Alan Macnow, whose New York-based public relations company has been retained by the Japanese Whaling Association, said: 'That's sheer nonsense.' The four countries were supporting Japan because the anti-whaling nations which dominate the commission were threatening to broaden its remit to cover small whales and dolphins. The island states hunt these mammals.

The French need a 75 per cent voting majority for the proposal for an Antarctic sanctuary to be turned into a decision. No whaling south of 40 degrees latitude would be permitted, but this is where Japan currently takes 300 minke whales a year in its 'scientific whaling' programme.

Japan, Norway and the four Caribbean states will oppose the sanctuary plan and at least as many other countries are likely to abstain. With only 29 of the 38 IWC member nations attending the Glasgow meeting, the required majority seems unlikely.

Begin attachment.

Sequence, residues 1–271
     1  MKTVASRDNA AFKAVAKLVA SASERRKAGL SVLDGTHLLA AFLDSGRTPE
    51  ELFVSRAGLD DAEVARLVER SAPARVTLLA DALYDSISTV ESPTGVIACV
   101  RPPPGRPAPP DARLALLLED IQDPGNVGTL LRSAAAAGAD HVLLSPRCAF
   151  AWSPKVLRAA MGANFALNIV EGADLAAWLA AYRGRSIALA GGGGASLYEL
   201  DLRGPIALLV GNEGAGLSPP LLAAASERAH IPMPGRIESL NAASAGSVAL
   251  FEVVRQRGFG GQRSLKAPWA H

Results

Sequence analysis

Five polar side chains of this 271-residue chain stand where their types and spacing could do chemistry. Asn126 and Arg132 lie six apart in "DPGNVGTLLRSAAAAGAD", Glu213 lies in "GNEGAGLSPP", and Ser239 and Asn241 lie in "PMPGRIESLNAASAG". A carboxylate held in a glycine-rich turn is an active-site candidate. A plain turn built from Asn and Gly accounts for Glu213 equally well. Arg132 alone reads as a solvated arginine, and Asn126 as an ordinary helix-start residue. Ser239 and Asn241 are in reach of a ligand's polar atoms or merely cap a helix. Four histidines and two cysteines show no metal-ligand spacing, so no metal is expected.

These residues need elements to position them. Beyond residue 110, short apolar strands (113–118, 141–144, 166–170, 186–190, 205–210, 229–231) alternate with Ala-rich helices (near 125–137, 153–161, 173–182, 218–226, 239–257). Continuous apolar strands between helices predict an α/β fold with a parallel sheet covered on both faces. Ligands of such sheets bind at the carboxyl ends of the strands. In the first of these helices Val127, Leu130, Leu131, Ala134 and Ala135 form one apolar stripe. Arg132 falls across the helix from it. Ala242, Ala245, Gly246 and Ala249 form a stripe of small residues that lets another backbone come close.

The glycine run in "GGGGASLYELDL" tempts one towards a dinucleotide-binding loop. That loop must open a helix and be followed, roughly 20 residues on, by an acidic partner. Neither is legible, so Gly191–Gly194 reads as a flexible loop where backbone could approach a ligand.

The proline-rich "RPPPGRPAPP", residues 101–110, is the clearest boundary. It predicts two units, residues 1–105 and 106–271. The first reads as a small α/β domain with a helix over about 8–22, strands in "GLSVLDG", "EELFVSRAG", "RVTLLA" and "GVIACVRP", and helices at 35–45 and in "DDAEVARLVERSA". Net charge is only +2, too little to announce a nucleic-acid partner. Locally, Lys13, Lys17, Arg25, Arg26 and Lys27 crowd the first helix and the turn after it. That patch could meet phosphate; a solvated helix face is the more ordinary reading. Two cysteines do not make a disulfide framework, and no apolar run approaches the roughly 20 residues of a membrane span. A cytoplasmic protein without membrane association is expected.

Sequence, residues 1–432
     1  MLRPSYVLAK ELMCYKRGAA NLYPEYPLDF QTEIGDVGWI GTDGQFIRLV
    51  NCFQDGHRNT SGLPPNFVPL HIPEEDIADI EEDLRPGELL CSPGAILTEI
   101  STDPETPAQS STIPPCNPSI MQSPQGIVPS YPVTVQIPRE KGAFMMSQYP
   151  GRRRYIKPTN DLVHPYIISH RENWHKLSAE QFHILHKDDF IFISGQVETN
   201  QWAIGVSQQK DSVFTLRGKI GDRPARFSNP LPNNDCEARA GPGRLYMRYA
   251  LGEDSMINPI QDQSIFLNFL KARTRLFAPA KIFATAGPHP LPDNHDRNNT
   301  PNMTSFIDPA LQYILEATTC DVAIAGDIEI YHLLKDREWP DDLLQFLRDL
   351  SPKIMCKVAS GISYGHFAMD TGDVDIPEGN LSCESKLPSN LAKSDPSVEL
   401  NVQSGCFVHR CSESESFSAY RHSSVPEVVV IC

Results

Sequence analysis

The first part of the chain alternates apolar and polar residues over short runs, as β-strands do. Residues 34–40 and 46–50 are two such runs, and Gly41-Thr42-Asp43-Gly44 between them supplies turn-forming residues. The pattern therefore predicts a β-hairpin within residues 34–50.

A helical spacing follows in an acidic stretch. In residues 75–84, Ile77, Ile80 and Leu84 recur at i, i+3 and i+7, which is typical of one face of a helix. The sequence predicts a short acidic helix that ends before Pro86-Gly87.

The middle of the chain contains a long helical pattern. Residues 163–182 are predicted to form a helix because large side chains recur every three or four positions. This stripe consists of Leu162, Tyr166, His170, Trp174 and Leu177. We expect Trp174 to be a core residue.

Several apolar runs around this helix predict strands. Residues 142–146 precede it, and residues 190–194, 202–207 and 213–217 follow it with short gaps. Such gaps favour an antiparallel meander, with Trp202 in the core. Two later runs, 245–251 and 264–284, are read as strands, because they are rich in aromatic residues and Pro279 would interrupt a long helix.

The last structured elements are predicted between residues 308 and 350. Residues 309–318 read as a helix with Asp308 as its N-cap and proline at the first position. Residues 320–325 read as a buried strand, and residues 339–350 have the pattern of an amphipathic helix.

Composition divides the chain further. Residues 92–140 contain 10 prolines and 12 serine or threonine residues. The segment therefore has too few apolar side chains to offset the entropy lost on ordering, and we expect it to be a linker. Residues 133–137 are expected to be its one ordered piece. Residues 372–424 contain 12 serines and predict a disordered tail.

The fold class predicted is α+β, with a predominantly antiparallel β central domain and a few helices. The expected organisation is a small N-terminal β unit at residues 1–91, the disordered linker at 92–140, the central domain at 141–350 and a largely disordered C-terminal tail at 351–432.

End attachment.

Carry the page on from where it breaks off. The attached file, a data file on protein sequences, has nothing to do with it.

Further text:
Anti-whaling groups are now talking about organising a tourist boycott of the Caribbean islands.

Norway continued to come under fire yesterday over its plans to resume commercial whaling in the north-east Atlantic next year, killing minke whales in defiance of the IWC's four-year moratorium. The minke whales it plans to take are classified as a protected stock.

Fifteen IWC nations, including Britain, expressed their 'deep disappointment' in a statement in Glasgow yesterday and urged Norway to reconsider.

(Photograph omitted)

Start your day with The Independent, sign up for daily news emails
Have you tried new the Independent Digital Edition apps?
ebooks
ebooksA special investigation by Andy McSmith
  • Get to the point
Latest stories from i100
Have you tried new the Independent Digital Edition apps?
Independent Dating
and  

By clicking 'Search' you
are agreeing to our
Terms of Use.

iJobs Job Widget
iJobs General

Ashdown Group: Senior Accounts Assistant - Accounts Payable - St. Albans

£26000 - £28000 per annum + benefits : Ashdown Group: Senior Accounts Assistan...